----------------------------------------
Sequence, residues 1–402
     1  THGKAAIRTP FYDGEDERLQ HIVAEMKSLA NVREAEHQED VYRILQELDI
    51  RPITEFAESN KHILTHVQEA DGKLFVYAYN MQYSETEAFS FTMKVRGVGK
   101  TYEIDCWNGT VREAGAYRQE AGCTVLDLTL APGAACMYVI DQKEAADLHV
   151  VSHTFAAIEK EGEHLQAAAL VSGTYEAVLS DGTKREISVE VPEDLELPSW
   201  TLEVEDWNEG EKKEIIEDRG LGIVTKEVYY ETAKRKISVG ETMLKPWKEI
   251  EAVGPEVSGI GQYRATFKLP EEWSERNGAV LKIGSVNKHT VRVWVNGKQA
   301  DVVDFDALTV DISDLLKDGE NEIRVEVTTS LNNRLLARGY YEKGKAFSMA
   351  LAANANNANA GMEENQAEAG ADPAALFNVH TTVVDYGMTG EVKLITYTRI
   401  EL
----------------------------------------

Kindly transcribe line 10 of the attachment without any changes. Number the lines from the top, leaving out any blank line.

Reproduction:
   401  EL